Graphic of 6 people in various uniforms indicating highest paying jobs without a degree

24 of the Highest Paying Jobs You Can Get Without a Degree

Let’s face it. College isn’t for everyone. It costs boatloads of money, often sending young people into years of student debt. It takes up years that could be spent making a living. And finally, an academic environment just isn’t the right fit for some folks. 

While a degree can be a great boost on the resume and some careers do require one, there are plenty of fulfilling high-paying jobs you can get without higher education. Check out this list of 24 of the highest paying jobs without a degree requirement, in ascending order of income.*

*Highest paying jobs without a degree requirement expected income and high end income statistics are based on available medians and averages from salary.com, Indeed, Comparably, and Glassdoor.

Highest Paying Jobs Without a Degree Requirement


24. Aircraft Mechanic

Ever find yourself fascinated with the inner workings of machinery components? This could be the job for you! Aircraft mechanics perform all-important maintenance and repairs to planes. Just make sure you’re the responsible type before setting off on this career path, because the lives of real people will be in your hands!

  • Requirements: High school diploma or equivalent; additional technical training
  • Expected Income: $51,099
  • High End Income: $82,345

23. Insurance Agent

Whether working for a single company or acting as independent agents, these folks evaluate the needs of clients (businesses or individuals), and offer up appropriate insurance options for them. It’s important to have solid people skills and a good level of persistence for this role. A lot of the work is about developing and following through on sales leads, and if you’re skilled at this, commissions can work in your favor.

  • Requirements: High school diploma or equivalent; insurance license exam
  • Expected Income: $53,074
  • High End Income: $66,058

22. Postmaster

Postmasters manage the operational and administrative aspects of either a single U.S. post office or a group of them. Someone considering this role should be organized, efficient, and able to manage people. Many postmasters start as mail carriers or clerks, and work their way up the ladder. The one thing to consider here is that because the world is going digital, there are likely to be less positions for postmasters in the future.

  • Requirements: High school diploma or equivalent
  • Expected Income: $54,434
  • High End Income: $100,000

21. Wind Turbine Technician 

If you’re looking for one of the highest paying jobs without a degree prerequisite plus major job security, look no further. According to the U.S. Bureau of Labor Statistics, employment in this role is expected to grow 68% this decade. Wind turbine technicians maintain, install, and repair those big pinwheel-looking things you see when you drive across a state with a lot of flat land. If you like spending time outdoors and aren’t too afraid of heights, this stable job could be one to consider.

  • Requirements: High school diploma or equivalent; technical training program
  • Expected Income: $54,575
  • High End Income: $82,032
image of two wind turbine technicians discussing plans with backdrop of wind turbines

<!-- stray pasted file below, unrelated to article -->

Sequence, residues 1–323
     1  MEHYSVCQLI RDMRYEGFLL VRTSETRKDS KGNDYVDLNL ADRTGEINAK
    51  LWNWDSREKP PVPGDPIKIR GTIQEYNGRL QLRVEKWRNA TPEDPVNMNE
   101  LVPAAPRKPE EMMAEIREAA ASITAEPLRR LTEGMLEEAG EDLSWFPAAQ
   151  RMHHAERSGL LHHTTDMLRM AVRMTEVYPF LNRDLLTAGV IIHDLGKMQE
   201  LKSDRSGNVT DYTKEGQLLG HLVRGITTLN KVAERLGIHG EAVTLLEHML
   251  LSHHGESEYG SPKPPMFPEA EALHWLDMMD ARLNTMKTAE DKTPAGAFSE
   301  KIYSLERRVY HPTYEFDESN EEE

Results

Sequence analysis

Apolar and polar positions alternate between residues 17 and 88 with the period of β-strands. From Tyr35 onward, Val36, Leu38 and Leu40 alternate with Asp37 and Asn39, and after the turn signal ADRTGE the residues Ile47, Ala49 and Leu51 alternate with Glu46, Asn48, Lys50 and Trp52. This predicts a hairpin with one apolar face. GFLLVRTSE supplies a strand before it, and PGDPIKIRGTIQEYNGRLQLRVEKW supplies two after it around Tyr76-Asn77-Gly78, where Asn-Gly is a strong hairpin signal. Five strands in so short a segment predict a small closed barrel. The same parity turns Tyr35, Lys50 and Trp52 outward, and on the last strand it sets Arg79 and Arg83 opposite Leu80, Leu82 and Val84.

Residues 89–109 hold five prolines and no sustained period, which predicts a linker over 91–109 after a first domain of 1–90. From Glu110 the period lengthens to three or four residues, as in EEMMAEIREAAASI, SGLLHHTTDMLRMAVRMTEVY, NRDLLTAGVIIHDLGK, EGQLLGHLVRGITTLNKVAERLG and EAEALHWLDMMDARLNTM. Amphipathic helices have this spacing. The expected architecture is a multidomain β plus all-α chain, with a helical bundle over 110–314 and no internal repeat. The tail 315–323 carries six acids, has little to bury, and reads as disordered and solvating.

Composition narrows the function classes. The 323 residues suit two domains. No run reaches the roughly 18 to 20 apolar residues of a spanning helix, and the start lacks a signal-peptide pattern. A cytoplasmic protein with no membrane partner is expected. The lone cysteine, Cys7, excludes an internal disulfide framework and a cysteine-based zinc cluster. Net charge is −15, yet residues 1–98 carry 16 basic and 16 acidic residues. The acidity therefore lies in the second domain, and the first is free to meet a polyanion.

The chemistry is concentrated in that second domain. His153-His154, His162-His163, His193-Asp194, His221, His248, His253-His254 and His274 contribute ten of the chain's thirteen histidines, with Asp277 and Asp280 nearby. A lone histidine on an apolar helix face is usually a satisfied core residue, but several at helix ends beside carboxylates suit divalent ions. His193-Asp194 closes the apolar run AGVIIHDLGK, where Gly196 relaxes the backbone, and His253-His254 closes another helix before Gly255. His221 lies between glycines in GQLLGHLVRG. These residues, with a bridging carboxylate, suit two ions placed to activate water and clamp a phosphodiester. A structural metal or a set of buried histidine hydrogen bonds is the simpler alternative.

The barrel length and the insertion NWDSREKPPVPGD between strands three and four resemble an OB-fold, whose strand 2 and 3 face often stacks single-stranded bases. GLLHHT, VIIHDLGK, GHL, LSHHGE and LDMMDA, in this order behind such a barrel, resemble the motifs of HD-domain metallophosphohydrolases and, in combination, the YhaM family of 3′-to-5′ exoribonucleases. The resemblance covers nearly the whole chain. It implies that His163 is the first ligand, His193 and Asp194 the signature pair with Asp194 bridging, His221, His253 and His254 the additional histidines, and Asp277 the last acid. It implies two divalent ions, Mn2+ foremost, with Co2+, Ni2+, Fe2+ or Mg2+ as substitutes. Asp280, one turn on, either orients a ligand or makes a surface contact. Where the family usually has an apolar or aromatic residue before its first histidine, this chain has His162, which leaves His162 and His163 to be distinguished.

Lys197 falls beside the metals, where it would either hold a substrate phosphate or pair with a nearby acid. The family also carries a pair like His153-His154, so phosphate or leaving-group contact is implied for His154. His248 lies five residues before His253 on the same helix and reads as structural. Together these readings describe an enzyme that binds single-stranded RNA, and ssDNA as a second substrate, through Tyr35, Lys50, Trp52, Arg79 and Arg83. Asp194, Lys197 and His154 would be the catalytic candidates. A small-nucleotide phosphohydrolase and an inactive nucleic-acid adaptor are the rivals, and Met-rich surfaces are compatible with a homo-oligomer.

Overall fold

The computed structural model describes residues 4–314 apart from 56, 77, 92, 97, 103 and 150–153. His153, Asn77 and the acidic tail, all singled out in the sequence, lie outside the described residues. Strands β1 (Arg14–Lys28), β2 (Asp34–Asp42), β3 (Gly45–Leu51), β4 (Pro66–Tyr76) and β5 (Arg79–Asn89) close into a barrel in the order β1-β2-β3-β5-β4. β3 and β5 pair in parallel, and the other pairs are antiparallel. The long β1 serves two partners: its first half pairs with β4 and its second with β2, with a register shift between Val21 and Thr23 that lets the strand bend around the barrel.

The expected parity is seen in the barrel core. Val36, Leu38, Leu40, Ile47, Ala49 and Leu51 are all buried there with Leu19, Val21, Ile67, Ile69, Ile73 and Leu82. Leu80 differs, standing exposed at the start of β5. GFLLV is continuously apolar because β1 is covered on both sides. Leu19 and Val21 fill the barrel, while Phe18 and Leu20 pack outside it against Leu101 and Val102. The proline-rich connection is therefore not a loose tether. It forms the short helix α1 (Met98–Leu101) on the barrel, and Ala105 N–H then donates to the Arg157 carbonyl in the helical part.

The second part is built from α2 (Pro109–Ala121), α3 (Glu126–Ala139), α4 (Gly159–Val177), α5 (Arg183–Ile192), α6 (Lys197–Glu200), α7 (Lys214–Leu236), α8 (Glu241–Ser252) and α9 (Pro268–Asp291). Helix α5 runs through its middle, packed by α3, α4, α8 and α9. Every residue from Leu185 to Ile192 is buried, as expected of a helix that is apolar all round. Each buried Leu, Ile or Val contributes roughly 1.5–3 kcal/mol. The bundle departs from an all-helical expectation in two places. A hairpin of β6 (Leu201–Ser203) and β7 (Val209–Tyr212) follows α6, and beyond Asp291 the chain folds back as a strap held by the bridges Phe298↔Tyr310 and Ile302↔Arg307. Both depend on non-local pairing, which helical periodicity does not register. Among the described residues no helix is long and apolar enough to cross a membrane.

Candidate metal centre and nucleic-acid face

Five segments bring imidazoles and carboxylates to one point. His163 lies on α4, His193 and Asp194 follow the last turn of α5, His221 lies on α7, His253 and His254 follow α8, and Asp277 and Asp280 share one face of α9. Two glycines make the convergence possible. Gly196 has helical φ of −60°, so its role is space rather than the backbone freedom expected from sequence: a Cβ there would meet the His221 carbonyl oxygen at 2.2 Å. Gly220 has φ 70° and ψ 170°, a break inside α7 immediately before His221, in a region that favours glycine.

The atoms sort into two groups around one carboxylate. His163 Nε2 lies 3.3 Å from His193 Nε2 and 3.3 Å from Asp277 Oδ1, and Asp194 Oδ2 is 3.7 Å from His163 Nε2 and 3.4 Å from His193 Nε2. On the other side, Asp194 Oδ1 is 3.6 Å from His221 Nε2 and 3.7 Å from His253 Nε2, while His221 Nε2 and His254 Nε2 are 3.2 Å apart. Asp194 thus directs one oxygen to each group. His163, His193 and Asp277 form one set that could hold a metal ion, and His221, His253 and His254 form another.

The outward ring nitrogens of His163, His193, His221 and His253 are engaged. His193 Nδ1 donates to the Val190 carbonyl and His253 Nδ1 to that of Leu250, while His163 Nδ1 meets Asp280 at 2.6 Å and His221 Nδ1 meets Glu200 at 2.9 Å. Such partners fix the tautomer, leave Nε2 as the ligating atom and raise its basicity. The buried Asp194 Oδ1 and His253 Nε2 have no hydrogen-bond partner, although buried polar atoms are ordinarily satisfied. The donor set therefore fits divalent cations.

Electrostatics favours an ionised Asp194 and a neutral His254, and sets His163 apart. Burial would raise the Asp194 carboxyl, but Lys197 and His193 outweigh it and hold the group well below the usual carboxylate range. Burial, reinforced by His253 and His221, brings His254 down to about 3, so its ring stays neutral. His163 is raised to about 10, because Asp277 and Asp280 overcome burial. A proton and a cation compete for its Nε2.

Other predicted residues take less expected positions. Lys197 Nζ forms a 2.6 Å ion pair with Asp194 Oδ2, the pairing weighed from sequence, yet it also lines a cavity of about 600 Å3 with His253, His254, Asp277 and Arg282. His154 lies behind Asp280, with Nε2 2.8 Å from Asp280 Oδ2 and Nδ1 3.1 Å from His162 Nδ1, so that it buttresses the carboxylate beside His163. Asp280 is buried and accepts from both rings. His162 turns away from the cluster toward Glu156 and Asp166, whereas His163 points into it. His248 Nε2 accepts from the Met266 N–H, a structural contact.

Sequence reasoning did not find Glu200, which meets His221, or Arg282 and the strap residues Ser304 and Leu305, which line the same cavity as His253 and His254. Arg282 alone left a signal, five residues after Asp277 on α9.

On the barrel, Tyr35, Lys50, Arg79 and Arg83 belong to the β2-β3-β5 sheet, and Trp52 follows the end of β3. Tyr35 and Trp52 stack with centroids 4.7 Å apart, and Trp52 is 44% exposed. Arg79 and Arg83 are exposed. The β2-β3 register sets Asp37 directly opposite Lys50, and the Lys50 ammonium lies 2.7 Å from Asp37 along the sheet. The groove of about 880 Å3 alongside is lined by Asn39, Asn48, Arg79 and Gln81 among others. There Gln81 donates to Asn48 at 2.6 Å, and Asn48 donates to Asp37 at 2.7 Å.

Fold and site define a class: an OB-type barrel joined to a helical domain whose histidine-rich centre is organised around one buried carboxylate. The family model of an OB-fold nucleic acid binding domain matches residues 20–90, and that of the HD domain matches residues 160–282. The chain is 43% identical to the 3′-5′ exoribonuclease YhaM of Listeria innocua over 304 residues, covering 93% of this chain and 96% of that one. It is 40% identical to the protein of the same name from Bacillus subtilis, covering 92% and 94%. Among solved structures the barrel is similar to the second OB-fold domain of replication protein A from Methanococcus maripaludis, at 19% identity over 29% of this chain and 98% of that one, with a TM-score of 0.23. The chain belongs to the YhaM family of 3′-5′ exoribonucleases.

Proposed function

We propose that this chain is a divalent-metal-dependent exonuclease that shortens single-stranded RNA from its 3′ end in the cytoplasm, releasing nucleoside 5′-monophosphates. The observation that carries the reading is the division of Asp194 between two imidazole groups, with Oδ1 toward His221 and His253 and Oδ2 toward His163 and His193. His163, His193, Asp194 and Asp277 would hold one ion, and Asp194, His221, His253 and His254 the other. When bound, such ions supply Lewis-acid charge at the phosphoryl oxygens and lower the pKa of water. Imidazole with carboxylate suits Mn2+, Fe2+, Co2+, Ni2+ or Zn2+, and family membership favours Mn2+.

20. Police Officer

If you have a strong sense of justice and an instinct to protect and serve, you’d be a great addition to the police force. This can be a demanding but rewarding job, and there are opportunities for promotion with salary increases each step of the way. 

  • Requirements: High school diploma or equivalent; cadet training
  • Expected Income: $55,000
  • High End Income: $71,016

19. Power Plant Operator

A power plant operator helps control the flow of electricity from the plant to substations, and finally to our homes and businesses. They monitor equipment, read charts and gauges, and make adjustments to controls as needed. This work often requires focusing for long stretches of time, so before pursuing this role, make sure you’re not the restless or antsy type. 

  • Requirements: High school diploma or equivalent
  • Expected Income: $55,763
  • High End Income: $110,588

18. Executive Assistant

Executive assistants help high-level executives with communications, scheduling, preparing reports, and all sorts of administrative tasks in between. If you’re a good communicator, great at providing support, and able to juggle multiple tasks, an executive assistant role could be a good fit for you. A caveat to be aware of is that there’s the potential to have to work outside of regular hours and deal with people with big egos.

  • Requirements: High school diploma or equivalent
  • Expected Income: $58,245
  • High End Income: $90,752

17. Electrician

There are many types of electricians, but all of them work to install and maintain power and electrical systems. When you become an electrician you might find yourself working in people’s homes, businesses, or factories. You should be fairly good at reading and understanding technical diagrams because each system that you service will be slightly different. This is also what keeps working as an electrician interesting! Every day brings a new and challenging problem to solve.

  • Requirements: High school diploma or equivalent; apprenticeship
  • Expected Income: $58,361
  • High End Income: $94,620
Image of man working on electrical wires coming out wall

16. Building Inspector